A federal judge in Oklahoma ruled last week that the government's ban on marijuana users legally possessing guns is unconstitutional. 

The ruling comes in the case of Jared Harrison, who was pulled over by police in Lawton last May for failing to stop at a red light. After a search of his car, officers found a loaded revolver as well as assorted cannabis products ranging from THC gummies to smoked and unsmoked marijuana. As Harrison worked at a dispensary but was not one of the 400,000 Oklahomans with medical cannabis cards, he was charged with possessing a firearm while being an unlawful user of marijuana under federal law. Harrison subsequently argued to the court that the charge didn't jive with his Second Amendment rights. 

The court agreed, with Judge Patrick R. Wyrick, a 2019 appointment to the bench by President Trump, dismissing the indictment with prejudice, meaning it can't be brought back to court. 

"And so here we are, with the federal government now arguing that Harrison’s mere status as a user of marijuana justifies stripping him of his fundamental right to possess a firearm," wrote Wyrick in the conclusion of his 54-page ruling before going on to say, "For all the reasons given above, this is not a constitutionally permissible means of disarming Harrison."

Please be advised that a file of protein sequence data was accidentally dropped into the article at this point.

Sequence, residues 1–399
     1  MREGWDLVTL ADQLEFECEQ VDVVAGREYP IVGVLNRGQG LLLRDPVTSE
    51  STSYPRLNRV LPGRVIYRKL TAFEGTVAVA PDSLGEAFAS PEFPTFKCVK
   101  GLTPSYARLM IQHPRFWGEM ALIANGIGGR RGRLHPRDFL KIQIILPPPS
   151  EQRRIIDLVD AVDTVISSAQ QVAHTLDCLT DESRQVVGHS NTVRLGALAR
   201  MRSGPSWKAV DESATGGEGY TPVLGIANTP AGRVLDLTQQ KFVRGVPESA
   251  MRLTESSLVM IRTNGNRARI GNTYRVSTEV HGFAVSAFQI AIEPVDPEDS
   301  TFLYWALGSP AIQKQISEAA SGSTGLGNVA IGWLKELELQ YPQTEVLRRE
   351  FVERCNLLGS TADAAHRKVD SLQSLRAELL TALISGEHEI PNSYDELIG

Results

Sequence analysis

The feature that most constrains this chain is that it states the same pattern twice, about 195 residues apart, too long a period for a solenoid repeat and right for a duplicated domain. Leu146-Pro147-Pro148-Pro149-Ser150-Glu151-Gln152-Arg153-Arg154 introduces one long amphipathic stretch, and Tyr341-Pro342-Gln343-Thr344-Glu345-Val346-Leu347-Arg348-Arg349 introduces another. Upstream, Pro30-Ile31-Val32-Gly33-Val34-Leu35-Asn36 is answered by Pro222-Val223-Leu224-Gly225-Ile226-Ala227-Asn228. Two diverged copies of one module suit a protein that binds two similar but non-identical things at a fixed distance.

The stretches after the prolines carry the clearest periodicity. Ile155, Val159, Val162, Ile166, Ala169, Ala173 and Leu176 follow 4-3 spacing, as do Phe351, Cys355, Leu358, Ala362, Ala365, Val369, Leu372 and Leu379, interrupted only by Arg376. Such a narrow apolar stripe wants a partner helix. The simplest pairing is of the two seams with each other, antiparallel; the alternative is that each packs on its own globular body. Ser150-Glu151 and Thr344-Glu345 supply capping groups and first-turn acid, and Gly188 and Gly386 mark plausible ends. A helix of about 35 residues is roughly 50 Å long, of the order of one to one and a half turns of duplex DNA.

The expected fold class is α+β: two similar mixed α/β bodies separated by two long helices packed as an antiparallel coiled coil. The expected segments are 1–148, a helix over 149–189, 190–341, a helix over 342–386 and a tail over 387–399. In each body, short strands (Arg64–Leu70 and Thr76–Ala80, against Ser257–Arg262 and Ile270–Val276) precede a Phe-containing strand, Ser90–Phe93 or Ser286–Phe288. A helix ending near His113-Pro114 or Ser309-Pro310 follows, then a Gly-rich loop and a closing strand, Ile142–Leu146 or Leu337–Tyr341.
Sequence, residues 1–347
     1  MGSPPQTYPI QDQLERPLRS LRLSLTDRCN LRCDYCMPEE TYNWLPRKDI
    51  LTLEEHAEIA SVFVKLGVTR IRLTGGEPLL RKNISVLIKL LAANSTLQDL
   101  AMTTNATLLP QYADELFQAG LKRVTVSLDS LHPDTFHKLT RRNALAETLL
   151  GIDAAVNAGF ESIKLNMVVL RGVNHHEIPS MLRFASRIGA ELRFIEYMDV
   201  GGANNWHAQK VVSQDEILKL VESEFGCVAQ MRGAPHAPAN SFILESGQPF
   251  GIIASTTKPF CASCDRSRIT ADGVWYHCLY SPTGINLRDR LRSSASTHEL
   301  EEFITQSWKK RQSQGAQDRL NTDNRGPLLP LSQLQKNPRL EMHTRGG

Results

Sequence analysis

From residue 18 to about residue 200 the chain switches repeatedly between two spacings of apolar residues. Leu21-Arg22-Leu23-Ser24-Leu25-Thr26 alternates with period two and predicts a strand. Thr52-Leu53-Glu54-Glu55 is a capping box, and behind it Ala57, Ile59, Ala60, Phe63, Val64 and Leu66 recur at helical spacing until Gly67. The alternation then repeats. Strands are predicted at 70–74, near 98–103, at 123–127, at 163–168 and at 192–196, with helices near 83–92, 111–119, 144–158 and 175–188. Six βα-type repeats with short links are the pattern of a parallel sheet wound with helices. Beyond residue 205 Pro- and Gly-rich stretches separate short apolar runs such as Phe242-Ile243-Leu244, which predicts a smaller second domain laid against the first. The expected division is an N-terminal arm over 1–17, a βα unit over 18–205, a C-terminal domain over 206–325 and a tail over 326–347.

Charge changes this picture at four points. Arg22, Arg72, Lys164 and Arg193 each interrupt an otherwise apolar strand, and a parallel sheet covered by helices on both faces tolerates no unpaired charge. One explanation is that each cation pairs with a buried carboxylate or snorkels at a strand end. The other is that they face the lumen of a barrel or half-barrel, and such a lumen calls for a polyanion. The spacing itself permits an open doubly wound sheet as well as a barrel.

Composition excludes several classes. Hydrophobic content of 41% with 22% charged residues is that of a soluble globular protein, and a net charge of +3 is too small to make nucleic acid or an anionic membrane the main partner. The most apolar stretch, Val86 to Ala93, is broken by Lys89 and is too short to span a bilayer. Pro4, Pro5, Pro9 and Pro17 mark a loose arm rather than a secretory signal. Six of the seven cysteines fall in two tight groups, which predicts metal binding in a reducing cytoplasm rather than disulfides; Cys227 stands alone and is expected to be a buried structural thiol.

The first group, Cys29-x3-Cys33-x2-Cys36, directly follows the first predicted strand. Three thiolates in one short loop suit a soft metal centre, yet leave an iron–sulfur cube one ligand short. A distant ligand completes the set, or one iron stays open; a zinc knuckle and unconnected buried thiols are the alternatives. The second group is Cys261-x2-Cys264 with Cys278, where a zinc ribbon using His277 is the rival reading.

Although marijuana is legal for recreational and/or medical use by adults in at least 37 states, it remains listed as a highly addictive and dangerous Schedule I drug with the federal government. It shares the same designation as ecstasy, heroin, and LSD. This has resulted in the Bureau of Alcohol, Tobacco, Firearms and Explosives maintaining a status quo that any sale or possession of firearms by those who use marijuana – even if it is otherwise allowed by state law– remains criminal.

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